, pub-6663105814926378, DIRECT, f08c47fec0942fa0 Business Blasts OSHA's Proposed Ergonomics Rules 4289

Business Blasts OSHA's Proposed Ergonomics Rules

Business is criticizing the U.S. Occupational Safety and Health Administration's efforts to issue new ergonomics regulations before completion of a congressionally mandated study on ergonomics.
The new rules would allow OSHA inspectors to impose penalties on employers for failing to find and fix ergonomic hazards.

"Any ergonomic regulation must be based on sound science," saycs Robb Mackie, vice president for government relations at the American Bakers Association. There is no consensus in the medical and scientific communities as to the clear causes and remedies for repetitive-stress injuries."
The bakers group is one of more than 300 companies and organizations, including the U.S. Chamber of Commerce, that have formed the National Coalition on Ergonomics, which opposes the proposal.
OSHA has moved ahead with a draft proposal even though the National Academy of Sciences is 18 to 24 months away from completing its study on whether there is scientific evidence to link work activities and musculoskeletal disorders such as carpal tunnel syndrome and tendinitis.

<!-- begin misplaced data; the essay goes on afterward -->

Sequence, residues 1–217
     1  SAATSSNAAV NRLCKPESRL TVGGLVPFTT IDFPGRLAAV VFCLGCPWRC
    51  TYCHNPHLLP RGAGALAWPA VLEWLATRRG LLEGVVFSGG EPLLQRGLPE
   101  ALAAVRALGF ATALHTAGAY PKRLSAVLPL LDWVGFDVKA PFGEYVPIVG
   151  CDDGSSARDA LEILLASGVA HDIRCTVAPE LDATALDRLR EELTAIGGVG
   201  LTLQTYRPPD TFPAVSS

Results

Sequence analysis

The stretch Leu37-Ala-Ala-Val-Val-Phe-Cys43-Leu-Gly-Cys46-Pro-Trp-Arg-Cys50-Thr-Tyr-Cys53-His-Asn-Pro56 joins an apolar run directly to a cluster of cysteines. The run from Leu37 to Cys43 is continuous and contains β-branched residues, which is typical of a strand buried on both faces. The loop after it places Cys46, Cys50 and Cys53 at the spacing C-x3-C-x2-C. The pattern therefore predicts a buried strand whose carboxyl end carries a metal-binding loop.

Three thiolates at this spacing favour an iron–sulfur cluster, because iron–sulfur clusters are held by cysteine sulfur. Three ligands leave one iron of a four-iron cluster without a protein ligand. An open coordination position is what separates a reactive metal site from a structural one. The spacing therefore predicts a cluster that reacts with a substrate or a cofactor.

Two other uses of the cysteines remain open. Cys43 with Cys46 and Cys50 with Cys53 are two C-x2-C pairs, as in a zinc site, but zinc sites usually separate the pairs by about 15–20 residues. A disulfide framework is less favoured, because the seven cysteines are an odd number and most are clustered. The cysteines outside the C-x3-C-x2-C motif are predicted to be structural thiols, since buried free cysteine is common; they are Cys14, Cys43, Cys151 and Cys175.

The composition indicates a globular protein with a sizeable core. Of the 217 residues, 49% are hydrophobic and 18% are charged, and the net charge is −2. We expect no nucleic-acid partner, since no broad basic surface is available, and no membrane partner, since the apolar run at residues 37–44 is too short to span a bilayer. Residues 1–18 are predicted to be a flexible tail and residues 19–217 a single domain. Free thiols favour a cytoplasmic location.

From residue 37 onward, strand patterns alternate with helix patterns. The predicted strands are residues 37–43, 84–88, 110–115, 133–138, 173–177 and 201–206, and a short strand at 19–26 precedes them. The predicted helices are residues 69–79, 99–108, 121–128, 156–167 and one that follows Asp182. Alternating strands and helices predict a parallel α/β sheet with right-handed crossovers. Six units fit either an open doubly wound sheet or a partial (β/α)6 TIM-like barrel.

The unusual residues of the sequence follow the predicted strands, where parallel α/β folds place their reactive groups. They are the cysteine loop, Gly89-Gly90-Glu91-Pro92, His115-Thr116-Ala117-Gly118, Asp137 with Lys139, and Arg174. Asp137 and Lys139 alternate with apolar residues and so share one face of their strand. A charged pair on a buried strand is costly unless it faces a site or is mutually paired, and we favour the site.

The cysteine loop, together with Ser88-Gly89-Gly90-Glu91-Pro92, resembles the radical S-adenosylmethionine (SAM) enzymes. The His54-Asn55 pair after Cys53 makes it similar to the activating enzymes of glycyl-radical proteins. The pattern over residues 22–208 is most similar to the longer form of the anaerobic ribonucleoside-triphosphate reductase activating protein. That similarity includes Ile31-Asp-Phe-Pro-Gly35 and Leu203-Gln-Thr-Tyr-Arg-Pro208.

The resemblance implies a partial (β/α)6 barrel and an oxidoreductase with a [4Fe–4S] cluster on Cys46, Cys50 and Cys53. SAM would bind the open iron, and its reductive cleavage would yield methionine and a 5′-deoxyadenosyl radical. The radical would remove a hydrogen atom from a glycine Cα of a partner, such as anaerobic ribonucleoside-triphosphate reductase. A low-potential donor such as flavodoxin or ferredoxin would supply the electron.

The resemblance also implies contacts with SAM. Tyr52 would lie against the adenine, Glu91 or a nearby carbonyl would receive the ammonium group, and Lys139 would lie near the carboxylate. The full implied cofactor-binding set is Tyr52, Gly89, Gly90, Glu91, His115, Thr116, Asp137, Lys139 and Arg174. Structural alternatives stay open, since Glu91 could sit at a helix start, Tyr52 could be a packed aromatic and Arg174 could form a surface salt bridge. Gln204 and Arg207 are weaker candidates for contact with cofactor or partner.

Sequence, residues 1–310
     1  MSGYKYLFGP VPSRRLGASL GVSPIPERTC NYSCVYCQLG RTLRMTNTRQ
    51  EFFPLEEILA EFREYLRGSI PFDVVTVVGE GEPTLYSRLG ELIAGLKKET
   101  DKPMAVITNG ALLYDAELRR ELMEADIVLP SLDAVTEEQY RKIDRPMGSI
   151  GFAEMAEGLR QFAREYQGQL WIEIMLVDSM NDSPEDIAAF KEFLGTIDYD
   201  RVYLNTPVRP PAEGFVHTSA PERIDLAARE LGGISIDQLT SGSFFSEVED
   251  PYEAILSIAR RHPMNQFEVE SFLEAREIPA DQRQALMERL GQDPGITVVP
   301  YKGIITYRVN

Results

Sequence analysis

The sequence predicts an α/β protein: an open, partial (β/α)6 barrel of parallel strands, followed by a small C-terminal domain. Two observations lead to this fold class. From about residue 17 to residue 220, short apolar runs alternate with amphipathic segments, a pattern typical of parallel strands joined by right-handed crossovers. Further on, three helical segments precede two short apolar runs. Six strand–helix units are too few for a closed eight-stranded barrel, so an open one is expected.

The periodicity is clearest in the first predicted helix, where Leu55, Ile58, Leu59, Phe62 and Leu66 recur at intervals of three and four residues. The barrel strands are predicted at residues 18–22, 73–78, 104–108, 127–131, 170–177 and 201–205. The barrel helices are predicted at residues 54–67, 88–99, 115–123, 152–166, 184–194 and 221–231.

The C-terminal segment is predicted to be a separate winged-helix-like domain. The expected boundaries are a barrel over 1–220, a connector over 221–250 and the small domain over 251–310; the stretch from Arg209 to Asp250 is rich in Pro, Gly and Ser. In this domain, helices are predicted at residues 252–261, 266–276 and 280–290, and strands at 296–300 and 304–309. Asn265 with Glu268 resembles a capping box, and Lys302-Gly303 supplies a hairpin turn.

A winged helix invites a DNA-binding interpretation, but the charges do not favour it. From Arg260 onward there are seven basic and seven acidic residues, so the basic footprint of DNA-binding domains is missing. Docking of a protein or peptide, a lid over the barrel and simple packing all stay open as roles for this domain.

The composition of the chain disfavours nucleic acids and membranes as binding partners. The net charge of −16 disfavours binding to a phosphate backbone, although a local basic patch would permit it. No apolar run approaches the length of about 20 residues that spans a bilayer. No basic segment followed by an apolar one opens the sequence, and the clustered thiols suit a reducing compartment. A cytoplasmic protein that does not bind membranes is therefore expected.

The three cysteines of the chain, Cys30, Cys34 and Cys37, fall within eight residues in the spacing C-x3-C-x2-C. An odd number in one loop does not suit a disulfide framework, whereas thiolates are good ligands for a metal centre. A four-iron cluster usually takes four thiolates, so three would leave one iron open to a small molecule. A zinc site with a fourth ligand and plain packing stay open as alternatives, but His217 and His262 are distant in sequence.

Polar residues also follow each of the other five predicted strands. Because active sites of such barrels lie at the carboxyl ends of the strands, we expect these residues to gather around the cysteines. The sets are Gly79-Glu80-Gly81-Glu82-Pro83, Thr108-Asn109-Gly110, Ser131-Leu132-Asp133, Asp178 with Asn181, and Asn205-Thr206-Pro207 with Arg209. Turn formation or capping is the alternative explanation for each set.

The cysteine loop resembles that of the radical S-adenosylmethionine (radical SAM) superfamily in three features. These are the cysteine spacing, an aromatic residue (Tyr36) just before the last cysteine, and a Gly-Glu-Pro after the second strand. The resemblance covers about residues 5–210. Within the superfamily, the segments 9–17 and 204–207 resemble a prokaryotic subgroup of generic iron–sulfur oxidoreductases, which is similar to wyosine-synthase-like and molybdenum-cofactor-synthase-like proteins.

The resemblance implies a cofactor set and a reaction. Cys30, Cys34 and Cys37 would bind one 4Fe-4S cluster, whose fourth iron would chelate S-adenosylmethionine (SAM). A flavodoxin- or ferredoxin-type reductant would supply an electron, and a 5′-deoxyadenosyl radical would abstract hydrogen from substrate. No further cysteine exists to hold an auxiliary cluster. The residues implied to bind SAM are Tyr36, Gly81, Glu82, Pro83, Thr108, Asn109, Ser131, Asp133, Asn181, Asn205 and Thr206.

The coalition is backing a bill introduced by Rep. Roy Blunt, R-Mo., with bipartisan co-sponsorship, that would prohibit OSHA from issuing an ergonomics rule until the study is completed. The agency is planning to issue a final regulation in early 2000.
OSHA contends that certain job tasks, including those involving repetitive motions, heavy lifting, and vibrations, cause musculoskeletal or repetitive-stress injuries and illnesses.

In the draft proposal, which was released in February, OSHA states that "work-related musculoskeletal disorders" account for more than 34 percent of all injuries and illnesses that lead to lost workdays.

The proposed new standards would apply to all companies with manufacturing jobs, to those where "manual handling" occurs, and to those where a musculoskeletal injury or illness has been reported.
The regulations would require covered businesses to identify and provide information on ergonomic hazards to employees and provide medical management to workers who developed musculoskeletal disorders. Employers would also be required to redesign workplaces, employees' job tasks, or both.


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